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We face a lot of difficult questions during our time at Penn. We’re prompted by professors and tasked with problem sets. Our families ask us what we’ll do after graduation and we likely ask that of ourselves. Recently, however, I was struck by a question that didn’t come from any of those sources. Instead it came from a fellow Penn student, a freshman. She asked me if I had any advice for someone who was just starting out. And after taking a second to think it over, I had to admit that I didn’t. 

Even as a senior, I feel out of place telling someone how best to navigate Penn. I’m still trying to figure that out for myself. But what I do feel confident speaking about — and what I’d wish I’d told this freshman in particular — are all the issues I have with Penn. The problems that cannot be alleviated or avoided with a few words of wisdom.

Rather than tell her which classes to take or how many clubs to join, I wish I’d let her know just how isolating and anxiety producing this place can be. And how the primary method for alleviating these feelings — that play hard mentality the tour guides joke about — can often exacerbate that pain rather than ease it. I also wish I’d told her that, despite the fact that Penn says it will give you the tools to change the world, Penn itself is extremely resistant to change.

The great irony of being a senior is that the moment when you’re the most invested, most ready to tackle these issues is also when you have the least amount of time left to do so. It can feel extremely daunting, impossible even, to leave a lasting positive impact on Penn in only a short four years. But what we can all surely do is impart our grievances to the next generation so they can be better prepared to combat the issues we all face.

When a prospective student is first introduced to Penn, they’re given the rosiest perception possible. That includes the beautiful tour, the glossy brochure, all of which are meant to highlight Penn’s merits and obscure its faults. Even after they step foot on campus, we, the current students, continue to paint this institution in the best light. We try to sell them on our clubs, our greek organizations, our athletic teams. Very rarely do we let them know how trying their Penn experience may likely be or how disenchanted they’ll soon become.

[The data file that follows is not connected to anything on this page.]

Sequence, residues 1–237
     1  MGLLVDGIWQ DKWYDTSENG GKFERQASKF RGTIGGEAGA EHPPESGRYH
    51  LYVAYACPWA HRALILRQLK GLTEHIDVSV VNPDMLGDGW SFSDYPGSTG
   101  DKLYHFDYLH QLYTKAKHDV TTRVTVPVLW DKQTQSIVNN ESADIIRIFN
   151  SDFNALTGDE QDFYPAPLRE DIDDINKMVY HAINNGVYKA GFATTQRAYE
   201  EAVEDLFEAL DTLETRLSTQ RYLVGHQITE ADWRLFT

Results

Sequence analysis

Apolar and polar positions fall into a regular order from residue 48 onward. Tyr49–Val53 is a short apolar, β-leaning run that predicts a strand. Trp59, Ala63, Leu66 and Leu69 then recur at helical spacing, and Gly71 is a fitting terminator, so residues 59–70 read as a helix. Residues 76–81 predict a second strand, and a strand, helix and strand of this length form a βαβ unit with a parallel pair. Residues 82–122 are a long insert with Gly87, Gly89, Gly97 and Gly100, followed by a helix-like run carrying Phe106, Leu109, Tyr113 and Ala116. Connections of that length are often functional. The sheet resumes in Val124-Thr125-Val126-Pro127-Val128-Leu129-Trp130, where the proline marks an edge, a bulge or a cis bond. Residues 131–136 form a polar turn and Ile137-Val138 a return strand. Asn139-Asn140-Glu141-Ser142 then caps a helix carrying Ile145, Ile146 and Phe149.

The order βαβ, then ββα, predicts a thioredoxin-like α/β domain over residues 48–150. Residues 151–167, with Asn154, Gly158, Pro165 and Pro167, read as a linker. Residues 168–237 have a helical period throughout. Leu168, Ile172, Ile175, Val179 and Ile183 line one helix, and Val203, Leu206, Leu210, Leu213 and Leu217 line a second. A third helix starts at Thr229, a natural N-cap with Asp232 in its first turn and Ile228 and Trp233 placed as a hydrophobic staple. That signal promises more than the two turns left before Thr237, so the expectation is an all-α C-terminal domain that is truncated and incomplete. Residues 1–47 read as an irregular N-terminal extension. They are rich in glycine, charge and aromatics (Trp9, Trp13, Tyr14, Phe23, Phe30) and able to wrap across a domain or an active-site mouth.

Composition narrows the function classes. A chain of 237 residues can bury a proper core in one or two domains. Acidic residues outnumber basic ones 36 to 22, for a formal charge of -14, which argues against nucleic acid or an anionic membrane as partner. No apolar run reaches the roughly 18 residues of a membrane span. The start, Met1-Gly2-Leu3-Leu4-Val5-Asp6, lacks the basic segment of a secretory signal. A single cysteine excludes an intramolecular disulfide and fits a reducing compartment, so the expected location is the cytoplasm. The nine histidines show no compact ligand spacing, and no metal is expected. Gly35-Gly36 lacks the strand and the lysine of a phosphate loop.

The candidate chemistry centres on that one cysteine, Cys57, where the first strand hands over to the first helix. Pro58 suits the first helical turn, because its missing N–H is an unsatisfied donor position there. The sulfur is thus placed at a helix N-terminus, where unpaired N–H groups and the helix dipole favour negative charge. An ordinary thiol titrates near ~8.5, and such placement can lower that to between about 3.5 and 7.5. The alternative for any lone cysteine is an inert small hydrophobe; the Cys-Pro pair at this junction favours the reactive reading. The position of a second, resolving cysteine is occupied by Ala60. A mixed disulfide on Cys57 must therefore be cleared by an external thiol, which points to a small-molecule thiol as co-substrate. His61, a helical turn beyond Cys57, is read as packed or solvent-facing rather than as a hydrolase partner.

Of course that isn't to say that those commendatory messages are invalid. It’s true that Penn has a lot of amazing opportunities and experiences to offer its students  — I’ve certainly had my share of them. But it’s because of all the positive experiences I’ve had and the inspiring people I’ve met, that I feel so strongly about wanting to change the things about this institution that are anything but positive.

If we truly want to ensure that each new crop of students has the best possible experience at Penn then we should waste no time in introducing them to its faults. Initiatives such as the student created Disorientation Guide — which describes histories of racism and sexism along with legacies of activism at Penn — are a crucial first step in this endeavor. I couldn't agree more with one of the authors of the guide, Miru Osuga, who told The Daily Pennsylvanian that disorientation guides, “covered a huge amount of topics that I wish I had access to when I was a freshman.”

If I could have another opportunity to speak with that first year student, I’d tell her that my favorite thing about Penn is that we have so many students who are dissatisfied with the status quo. Students who care about the fact that the board of trustees won’t seriously consider proposals to divest from the fossil fuel industry — as evidenced by their tweet long response on the matter. Or that Penn still refuses to support Philadelphia public schools by making PILOTS (payments in lieu of taxes), which other Ivy League institutions have made for years. 

I’d tell that freshman that, if I’ve learned anything from my peers, it’s that the goal of your four years should not be to seek out the best things about Penn but rather to find the things that you think need changing.

And to my fellow upperclassmen, let me say this: When you find yourself speaking to a new student, don’t just impart words of wisdom, impart a call to action. Don’t tell them how great this institution is, tell them how much better it can become.

CAMERON DICHTER is a College senior from Philadelphia, studying English. His email address is “Real Talk” usually appears every other Thursday.